Callan Volume One review

Running on ITV for four series between 1967 and 1972, as well as spawning both a movie and an 80’s TV special, Callan was a hard-hitting spy drama which followed its hero, played by Edward Woodward, in his missions for The Section – a covert government department handling enemies of the state by the most ruthless of methods.

A natural shot, Callan had a chequered past – both military and criminal – and often chafed against his orders with a nice line in sarcasm and a tendency to feel guilt for his victims. An association with Lonely, the petty thief frequently drawn into his adventures, provided some light relief to a show which could otherwise have been unrelentingly dark.

Series creator James Mitchell, a novelist and screenwriter with credits which included The Avengers, also penned a lengthy run of short stories for the Sunday Express, and this audio reinvention holds four of these tales, adapted and expanded by Mitchell’s son Peter.

The new version casts Ben Miles (Coupling, The Crown, BF’s The Time Machine) in the lead role, with Frank Skinner as the nervous and noxious Lonely. Nicholas Briggs and Jane Slavin round out the cast as Section boss Hunter and his secretary Liz.

File On A Deadly Deadshot

Callan is sent undercover to a upper class weekend shooting party, tasked with saving the life of a wealthy businessman who has been targeted for his political affiliations.

Drafting Lonely to act as his valet, we enjoyed his story behind the scenes of the party, cleaning out the other gentlemen’s gentlemen while betting on Callan’s abilities. We also chuckled at the description of Callan’s sartorial choices, which put us in mind of Jon Pertwee.

File On A Classy Club

Despatched to Renfrews, a top London casino, Callan is on a mission to lose big and catch the attentions of foreign agents. At the same time, he is saddled with Meres (Tam Williams), an upstart fellow member of the Section who believes that Callan is past it.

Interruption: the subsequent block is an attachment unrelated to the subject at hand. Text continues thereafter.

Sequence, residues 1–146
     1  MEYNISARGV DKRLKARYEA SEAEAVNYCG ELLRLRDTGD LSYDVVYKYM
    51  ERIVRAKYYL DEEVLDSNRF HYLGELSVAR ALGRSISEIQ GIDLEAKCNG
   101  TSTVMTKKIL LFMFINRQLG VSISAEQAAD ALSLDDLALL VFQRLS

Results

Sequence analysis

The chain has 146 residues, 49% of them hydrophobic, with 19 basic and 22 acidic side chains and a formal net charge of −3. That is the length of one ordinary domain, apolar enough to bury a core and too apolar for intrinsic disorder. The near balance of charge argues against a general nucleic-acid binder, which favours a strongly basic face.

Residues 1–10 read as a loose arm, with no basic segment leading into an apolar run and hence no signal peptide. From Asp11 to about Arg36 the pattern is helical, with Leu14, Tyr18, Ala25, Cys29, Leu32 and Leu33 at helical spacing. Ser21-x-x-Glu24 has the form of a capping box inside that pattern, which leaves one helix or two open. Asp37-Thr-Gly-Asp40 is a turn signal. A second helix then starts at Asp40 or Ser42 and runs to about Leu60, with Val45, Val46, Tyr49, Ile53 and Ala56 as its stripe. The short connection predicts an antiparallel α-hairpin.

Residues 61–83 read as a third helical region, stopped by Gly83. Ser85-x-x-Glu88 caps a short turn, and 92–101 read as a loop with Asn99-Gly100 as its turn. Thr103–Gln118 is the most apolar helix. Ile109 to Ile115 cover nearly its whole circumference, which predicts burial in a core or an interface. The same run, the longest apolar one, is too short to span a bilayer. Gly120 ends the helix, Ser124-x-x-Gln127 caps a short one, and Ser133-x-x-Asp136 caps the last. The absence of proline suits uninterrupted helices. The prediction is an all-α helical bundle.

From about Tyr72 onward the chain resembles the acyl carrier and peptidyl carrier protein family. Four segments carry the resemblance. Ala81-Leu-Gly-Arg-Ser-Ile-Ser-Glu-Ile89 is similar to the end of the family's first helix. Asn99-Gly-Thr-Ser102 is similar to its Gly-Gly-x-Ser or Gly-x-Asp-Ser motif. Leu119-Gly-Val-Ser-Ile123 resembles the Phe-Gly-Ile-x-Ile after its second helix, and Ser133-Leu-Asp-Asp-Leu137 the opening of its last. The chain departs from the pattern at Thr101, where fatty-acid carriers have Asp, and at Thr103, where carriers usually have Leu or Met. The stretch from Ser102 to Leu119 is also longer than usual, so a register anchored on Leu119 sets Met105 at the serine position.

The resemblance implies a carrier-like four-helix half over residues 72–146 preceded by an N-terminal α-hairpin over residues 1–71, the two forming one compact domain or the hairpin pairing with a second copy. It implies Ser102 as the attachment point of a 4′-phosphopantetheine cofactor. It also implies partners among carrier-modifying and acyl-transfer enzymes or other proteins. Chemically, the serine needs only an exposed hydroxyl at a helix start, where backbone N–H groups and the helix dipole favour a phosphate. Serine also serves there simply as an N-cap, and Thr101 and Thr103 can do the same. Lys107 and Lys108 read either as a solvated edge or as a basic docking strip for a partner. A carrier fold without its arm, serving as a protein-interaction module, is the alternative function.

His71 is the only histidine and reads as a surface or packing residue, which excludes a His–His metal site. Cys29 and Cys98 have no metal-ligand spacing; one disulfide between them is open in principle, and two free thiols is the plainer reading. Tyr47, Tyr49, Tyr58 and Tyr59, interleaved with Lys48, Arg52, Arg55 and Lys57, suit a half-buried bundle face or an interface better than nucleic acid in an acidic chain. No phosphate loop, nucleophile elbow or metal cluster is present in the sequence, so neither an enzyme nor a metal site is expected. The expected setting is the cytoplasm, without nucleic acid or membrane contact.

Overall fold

Roping in one of Lonely’s unsavoury connections, there is great performance from Robert Portal as card sharp Bulky Berkeley and we enjoyed hearing Liz out of the office environment for once.

File On An Awesome Amateur

With information from the forthright Cynthia Widgery (Beth Goddard), a brash feminist who clearly intimidates Hunter, Callan and Meres are tasked with expediting the defection of a Russian poet as the Section is keen to get one over on the KGB.

Not keen to trust an amateur, Callan makes his own enquiries and runs into trouble in the shape of a glamourous American, Barbara Jackson (Annabelle Dowler). As tensions escalate and the story moves from London to Venice, we enjoyed the masked ball and chase sequence on the Venetian canals.

File On A Harassed Hunter

The final story sees Callan escorting Hunter on a flying trip to Newcastle for a meeting with a contact, an alcoholic actor who shares a personal connection to the Section boss.

The story offers an opportunity for Nicholas Briggs to take Hunter in a different direction and he gives a restrained, yet emotionally loaded performance, as well as getting to be amusingly snobbish about the quality of the food and accommodation. Meanwhile, Teddy Kempner goes all out as the garrulous, inebriated actor Lang.

Summary

Big Finish have drawn together an excellent cast; Ben Miles impresses as the assertive Callan, who is uncompromising but not without flashes of compassion, while Frank Skinner both surprises and amuses as the vulnerable Lonely. Together, they have an enjoyable chemistry and we found ourselves missing Lonely when he was not part of the tale. Jane Slavin’s Liz brings some much-needed warmth, plus a glimmer of affection for Callan, though she is rather sparsely used, and Nicholas Briggs excels as the implacable Hunter.

With a wide-ranging guest cast that includes some familiar names, such as Mark Elstob (The Prisoner), David Rintoul and Leighton Pugh, who all take on multiple roles, there are plenty of memorable characters. From wealthy businessmen to members of the criminal fraternity, the theme of class is writ large throughout Callan, as he operates in both the worlds of Lonely’s petty criminality and society’s upper echelons – seeming like an unnatural fit in both. However, there is precious little glamour here, as Callan’s work is a dirty, murderous business and the show’s melancholic theme and incidental music – which retains the television episode act structure with commercial bumpers – evokes this, as does Steve Foxon’s sound design.

With assured direction from Ken Bentley, Callan is another sure-fire recreation of period television for Big Finish and seems to have bags of potential for more. There are also number of missing episodes from the first two series which might be ripe for re-creation too.

We look forward to Volume Two in January and in the meantime, we might just have to hunt down a few Callan DVDs!